September 22, 2021
Way to Go Wednesday: Dan Moser
DEFINITION: The act of maintaining, protecting or keeping something in existence.
St. Joseph is a city of stories. Like historic towns across the country, there are blocks of amazing homes, business buildings and neighborhoods. Founded in 1843, St. Joseph’s location along the Missouri River and national mid-point created an economic and residential boom fueled by Westward expansion, transportation and communication industries.
Translation: We have a super enviable architectural personality. And probably more jaw-dropping structures than any small to mid-sized city really deserves.
It’s long been known that St. Joseph has some of the Midwest’s most impressive collections of mansions, with many a part of active preservation activities and neighborhood initiatives. These neighborhoods — Harris-Kemper, Hall Street, Museum Hill and Cathedral Hill – feature community events year-round, sharing the stories of early founders and the movers and shakers who are bringing properties back to life.
As an architectural star in the laid-back, affordable center of the U.S., St. Joseph has also continued to attract preservationists and home buyers from everywhere. It’s not unusual to hear of people passing through on vacations and deciding to return to buy a historic property. From a regional perspective, it’s also no surprise that St. Joseph has hosted events like the Missouri Preservation Conference and been the location for the popular show American Pickers.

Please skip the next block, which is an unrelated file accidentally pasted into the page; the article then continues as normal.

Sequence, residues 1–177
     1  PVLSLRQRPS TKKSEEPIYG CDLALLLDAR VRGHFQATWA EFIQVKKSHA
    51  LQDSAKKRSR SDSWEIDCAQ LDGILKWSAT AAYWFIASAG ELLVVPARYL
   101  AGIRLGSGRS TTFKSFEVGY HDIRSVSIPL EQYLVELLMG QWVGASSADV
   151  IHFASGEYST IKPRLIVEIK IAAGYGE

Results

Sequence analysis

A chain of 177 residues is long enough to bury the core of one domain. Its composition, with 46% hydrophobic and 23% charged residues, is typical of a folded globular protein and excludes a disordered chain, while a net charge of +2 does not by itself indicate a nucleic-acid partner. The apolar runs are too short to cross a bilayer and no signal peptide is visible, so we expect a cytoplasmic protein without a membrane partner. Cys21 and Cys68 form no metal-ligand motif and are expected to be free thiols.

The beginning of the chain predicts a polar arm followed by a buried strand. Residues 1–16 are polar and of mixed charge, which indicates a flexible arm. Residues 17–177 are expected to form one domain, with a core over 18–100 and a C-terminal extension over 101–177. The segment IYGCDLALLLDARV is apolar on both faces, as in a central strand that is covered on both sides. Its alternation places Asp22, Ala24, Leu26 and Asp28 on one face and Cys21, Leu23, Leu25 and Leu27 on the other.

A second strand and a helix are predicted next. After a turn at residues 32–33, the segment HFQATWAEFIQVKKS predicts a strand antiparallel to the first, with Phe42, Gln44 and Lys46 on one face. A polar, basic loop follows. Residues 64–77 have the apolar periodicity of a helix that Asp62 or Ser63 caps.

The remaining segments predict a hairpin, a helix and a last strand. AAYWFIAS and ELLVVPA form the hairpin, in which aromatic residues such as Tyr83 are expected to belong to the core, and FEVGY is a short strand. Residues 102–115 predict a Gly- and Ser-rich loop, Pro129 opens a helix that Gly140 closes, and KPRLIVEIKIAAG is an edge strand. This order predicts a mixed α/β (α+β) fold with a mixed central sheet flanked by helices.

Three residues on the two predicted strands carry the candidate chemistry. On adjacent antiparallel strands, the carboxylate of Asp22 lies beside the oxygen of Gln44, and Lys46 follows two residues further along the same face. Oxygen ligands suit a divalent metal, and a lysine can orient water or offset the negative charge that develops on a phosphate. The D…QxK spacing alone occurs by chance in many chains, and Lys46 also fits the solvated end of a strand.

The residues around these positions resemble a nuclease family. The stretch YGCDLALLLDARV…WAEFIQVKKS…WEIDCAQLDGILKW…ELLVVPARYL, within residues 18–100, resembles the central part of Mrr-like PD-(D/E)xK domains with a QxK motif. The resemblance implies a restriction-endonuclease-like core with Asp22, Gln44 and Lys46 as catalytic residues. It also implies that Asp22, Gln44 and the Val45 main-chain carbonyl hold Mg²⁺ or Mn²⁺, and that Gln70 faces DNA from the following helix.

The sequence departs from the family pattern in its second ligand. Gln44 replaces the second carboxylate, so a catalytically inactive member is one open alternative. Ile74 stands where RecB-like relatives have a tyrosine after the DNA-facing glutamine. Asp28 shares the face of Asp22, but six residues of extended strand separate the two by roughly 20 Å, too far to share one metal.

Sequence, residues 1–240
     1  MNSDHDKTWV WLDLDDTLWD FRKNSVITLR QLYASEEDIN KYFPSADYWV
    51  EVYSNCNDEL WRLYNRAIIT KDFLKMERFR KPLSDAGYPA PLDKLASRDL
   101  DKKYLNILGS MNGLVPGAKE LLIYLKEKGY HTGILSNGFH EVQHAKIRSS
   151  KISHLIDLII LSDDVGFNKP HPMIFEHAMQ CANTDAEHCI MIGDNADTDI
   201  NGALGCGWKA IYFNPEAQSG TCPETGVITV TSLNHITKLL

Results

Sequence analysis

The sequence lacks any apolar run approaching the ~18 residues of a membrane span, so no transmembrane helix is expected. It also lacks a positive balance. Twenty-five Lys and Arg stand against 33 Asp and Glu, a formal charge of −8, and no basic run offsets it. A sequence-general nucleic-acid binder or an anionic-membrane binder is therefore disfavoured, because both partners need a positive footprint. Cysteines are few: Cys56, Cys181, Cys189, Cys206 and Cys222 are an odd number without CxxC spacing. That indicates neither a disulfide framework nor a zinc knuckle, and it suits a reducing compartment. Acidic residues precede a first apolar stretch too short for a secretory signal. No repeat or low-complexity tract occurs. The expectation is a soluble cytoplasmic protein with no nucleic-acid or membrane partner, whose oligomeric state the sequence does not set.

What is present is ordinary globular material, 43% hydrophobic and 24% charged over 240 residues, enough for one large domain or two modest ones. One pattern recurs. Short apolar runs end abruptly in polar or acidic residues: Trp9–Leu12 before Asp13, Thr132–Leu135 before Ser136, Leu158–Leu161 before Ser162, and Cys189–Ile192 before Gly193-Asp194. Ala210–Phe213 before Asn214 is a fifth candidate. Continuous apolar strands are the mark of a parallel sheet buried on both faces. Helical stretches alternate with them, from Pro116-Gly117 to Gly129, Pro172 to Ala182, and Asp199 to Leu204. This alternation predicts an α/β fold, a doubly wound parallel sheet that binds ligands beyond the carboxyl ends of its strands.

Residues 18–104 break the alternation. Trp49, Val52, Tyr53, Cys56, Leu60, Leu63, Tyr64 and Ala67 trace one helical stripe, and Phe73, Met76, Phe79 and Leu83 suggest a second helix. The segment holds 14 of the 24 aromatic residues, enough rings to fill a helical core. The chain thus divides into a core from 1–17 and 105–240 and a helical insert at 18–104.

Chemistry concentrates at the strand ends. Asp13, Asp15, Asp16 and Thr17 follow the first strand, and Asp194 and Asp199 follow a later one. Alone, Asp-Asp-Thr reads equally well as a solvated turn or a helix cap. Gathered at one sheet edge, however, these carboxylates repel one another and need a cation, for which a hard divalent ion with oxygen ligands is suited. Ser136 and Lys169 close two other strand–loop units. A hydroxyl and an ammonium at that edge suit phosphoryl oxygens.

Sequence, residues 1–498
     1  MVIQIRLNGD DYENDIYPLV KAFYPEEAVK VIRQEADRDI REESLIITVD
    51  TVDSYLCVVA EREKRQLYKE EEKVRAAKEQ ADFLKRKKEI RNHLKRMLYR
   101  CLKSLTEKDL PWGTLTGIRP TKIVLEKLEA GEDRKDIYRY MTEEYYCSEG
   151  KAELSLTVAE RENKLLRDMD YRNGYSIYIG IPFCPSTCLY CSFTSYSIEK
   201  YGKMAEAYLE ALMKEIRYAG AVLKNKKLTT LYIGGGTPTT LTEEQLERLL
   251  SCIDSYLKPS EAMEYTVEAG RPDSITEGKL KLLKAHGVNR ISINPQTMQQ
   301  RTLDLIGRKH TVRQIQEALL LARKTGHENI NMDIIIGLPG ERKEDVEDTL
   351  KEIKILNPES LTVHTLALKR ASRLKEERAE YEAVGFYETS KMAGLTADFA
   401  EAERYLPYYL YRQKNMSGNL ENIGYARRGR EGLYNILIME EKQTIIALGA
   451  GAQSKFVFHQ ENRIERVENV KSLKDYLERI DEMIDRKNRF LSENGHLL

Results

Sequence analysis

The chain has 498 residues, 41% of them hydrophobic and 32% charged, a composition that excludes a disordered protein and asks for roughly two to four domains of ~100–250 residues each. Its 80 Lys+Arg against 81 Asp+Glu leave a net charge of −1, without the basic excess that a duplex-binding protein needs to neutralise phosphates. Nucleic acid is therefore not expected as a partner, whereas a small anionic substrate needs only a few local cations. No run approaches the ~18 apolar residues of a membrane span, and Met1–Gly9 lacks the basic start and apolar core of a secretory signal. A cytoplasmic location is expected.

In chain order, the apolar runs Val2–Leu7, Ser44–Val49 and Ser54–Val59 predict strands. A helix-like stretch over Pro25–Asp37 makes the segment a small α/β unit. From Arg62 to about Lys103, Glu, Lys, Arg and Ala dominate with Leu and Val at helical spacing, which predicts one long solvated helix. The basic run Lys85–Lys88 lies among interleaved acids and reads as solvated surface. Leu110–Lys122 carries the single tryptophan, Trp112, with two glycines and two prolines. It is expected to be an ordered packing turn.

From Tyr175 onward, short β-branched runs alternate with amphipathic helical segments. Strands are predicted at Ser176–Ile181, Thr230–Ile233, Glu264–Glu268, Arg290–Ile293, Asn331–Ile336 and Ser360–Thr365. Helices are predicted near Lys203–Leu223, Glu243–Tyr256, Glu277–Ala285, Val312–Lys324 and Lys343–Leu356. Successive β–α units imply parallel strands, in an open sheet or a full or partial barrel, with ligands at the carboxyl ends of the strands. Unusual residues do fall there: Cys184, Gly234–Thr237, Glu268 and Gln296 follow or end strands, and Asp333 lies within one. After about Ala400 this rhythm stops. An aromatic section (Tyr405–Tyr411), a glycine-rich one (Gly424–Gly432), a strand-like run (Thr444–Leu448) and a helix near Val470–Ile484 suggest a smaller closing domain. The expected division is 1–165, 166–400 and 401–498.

But some people might be surprised to know that preservation makes a lot of sense, economically. Several studies show that there’s a lot of economic power in neighborhood revitalization efforts, and that historic preservation can be used effectively as a tool for overall planned revitalization efforts. Working within the architectural amenities of a city draws in new workers and businesses; helps boost the tax base; and reduces the challenges from city services.
St. Joseph is on board with this way of thinking, and preservation activities continue to see progress. Looking to the future, preservation activities will be part of the resident-led Imagine 2040 strategic plan, with key goal areas including investing in people, creating a better place and growing overall prosperity. While many cities have lost their historic character to redevelopment, St. Joseph can expect a type of progress that recognizes that while maintenance and rehab is expensive, it’s worth the investment because these kinds of neighborhoods can never be reconstructed.
Local entrepreneur and residents Dan Moser, and his wife Rebecca, understand this from a very hands-on perspective. They have restored two historic homes in the Hall Street historic district and stabilized a third. They are currently working to restore the Turner Frazer building in downtown St. Joseph as a warehouse for their business, Royal Packaging.